1. The most important thing about buying a new bike is to make sure it fits. The only way you'll know if the bike is right for you is to size up the bike and make sure that the bike's geometry matches your body's geometry. Ask questions and do some research.
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2. If possible, try to find a shop that will let you demo the bike on real dirt. Five minutes in a parking lot won't cut it. You wouldn't buy a car without a real world test drive, and a bike should be no different.
3. Don't belive the hype. Just because your favorite rider or best friend rides a certain bike, that doesn't mean that's the best one for you. Have an open mind and be realistic about your needs and ability.
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  1. #1
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    position on the bike

    as a long time roadie(i wave though, not a snob ), i can't figure out what my position on the bike should be. as a roadie i've set my seat on my mtb so i have a road bike type leg extension, but that makes me feel way to high as far as balance goes. lowering my seat my balance is better, especially going down hill and on slow, technical stuff, but it's not a natural way to pedal for me. having a limited leg extension, to what i'm used to, feels very inefficient.

    is mtb'ing just a different pedaling style that i need to get used to, lower seat, less extension? on the road i'm a proponent of spinning so a higher rpm is not big deal.

    i'm on a gary fisher rumblefish, 29er, full suspension, and ride the rocks in the phoenix area.

    a seat dropper is coming in the near future, but for now what do you vet's recommend?

    thx, j-

  2. #2
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    I probably ride about 1" higher on my road/hybrid bike than on my trail bike. Just want to be a litle more "in" the bike than on top. The dropper post will help a lot once you get used to using it.

  3. #3
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    There is no way - just no way to fit a bike over the interweb. If having your seat height at pedal cadence optimum makes the bike to high centered - try lowering your overall handlebar height.

    Crankset RPMS are not as frantic on a trailbike (as opposed to Road) so needing the extra leg extension is not truly optimal - for instance my saddle is never that height, my bike is a 7" f/r 36lb beast of a trailbike though, so it's not always setting the pace on group rides...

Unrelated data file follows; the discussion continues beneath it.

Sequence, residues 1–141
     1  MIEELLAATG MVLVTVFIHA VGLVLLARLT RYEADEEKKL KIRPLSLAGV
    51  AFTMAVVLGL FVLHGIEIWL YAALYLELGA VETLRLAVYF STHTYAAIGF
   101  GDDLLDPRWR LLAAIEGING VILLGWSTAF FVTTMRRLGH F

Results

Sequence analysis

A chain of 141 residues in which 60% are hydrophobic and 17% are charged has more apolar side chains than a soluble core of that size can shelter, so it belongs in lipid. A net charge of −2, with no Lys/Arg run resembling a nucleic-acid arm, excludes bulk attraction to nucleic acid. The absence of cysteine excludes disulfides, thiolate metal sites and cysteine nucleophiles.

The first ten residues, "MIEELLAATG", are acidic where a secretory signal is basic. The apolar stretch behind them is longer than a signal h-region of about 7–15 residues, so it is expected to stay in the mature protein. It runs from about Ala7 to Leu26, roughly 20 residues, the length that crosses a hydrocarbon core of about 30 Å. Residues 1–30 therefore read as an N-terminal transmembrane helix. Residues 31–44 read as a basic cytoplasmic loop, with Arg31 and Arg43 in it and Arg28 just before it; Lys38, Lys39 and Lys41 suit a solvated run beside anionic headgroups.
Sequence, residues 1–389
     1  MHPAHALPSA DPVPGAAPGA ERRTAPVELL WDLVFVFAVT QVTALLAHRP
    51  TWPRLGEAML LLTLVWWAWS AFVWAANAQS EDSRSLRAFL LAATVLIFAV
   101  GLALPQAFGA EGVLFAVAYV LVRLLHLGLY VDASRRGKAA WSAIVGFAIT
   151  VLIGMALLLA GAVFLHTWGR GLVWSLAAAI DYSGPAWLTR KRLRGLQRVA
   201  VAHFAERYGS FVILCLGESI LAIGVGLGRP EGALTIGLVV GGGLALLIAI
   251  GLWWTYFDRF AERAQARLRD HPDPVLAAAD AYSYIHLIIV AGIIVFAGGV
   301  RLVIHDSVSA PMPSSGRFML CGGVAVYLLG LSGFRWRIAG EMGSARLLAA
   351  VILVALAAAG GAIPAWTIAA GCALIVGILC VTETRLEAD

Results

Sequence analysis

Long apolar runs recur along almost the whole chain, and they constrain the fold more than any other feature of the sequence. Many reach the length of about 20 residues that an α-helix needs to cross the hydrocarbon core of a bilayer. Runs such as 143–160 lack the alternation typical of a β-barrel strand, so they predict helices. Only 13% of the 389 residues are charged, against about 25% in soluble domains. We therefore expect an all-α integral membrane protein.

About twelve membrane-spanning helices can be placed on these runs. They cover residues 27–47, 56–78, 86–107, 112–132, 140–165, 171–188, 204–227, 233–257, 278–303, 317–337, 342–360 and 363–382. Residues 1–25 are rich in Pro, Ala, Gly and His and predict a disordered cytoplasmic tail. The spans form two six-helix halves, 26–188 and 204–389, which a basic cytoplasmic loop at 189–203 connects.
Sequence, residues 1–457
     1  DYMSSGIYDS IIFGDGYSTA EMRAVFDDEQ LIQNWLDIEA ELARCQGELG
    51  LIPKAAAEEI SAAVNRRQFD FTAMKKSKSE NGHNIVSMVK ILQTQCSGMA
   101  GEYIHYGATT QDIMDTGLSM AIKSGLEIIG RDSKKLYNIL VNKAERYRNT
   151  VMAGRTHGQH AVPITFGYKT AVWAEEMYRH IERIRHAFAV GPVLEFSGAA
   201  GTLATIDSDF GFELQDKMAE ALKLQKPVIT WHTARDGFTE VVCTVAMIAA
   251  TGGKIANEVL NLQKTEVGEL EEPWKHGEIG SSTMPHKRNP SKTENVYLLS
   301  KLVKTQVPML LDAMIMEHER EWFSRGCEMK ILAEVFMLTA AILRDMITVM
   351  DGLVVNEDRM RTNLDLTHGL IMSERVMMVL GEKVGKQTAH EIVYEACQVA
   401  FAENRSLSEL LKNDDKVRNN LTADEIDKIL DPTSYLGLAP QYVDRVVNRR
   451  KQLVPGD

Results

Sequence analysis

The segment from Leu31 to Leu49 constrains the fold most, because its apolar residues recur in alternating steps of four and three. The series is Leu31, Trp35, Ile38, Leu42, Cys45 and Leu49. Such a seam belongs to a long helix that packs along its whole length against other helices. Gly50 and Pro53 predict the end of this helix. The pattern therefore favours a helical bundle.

Try the equivalent to the '17deg' stem trick a lot of roadies apply to that 73deg HT angle, other than this alteration to the bike it's not going to be fixed here.


    I hope that doesn't come across as harsh, advice like this needs more personal interaction, like physical presence!
    Kyle died accidentally while masturbating.

  4. #4
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    How long have you been riding the dirt? Maybe take a skills class ? Get some riser-wider bars /higher stem. What is different on the road bike that doesn't feel that way? Mountain bills do have a higher center of gravity.

  5. #5
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    I pretty much match them.

    A couple thoughts -
    If you corner like a triathlete, you don't have a lot of range of motion for moving up and down, or letting the bike move up and down over rough stuff. Any time you're not pedaling, put your pedals at 3 o'clock and 9 o'clock and unweight your saddle. That applies to road cycling too - look for your road descending skills to get better as you get comfortable on your mountain bike. Anyway, making your platform will put a lot of bend in your knee and I bet you'll feel a lot more comfortable. You can corner either with your outside foot front or down, or (better yet) you can enter with your outside foot forward and put it down as you apex.

    The position of the handlebars is really important to feeling well-balanced on a mountain bike (or road bike.) They should be where your body wants them. Otherwise, you'll put yourself where the bars drag you. Which kinda sucks. Experiment with where your bars are. You should be able to take your hands off the bars without adjusting your position, really at all. You should even be able to do that with your butt off the saddle. Try that somewhere safe and don't blame me if you wipe out. I keep 'em around the bars if I try that, I just don't contact them.

    A lot of cyclists have weird pedaling habits that require or at least encourage putting the saddle too high. Make sure you're not pointing your toes down too stiffly, losing tone in your quads through the bottom of your pedal stroke, dipping your hips, etc. If you're doing any of that on the road bike, you could probably stand to ride all your bikes with the saddle a little lower.
    "Don't buy upgrades; ride up grades." -Eddy Merckx

  6. #6
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    Saddle height and set back is the same as on my road bikes. The bars are a lot higher and closer on the MTB, though still further forward than many mtbers run. Higher and more rearward bars allows you to shift your weight further rearward when needed and lets the bike to pitch more forward under you going over obstacles or steep downhills.

  7. #7
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    Quote Originally Posted by madduck View Post
    ...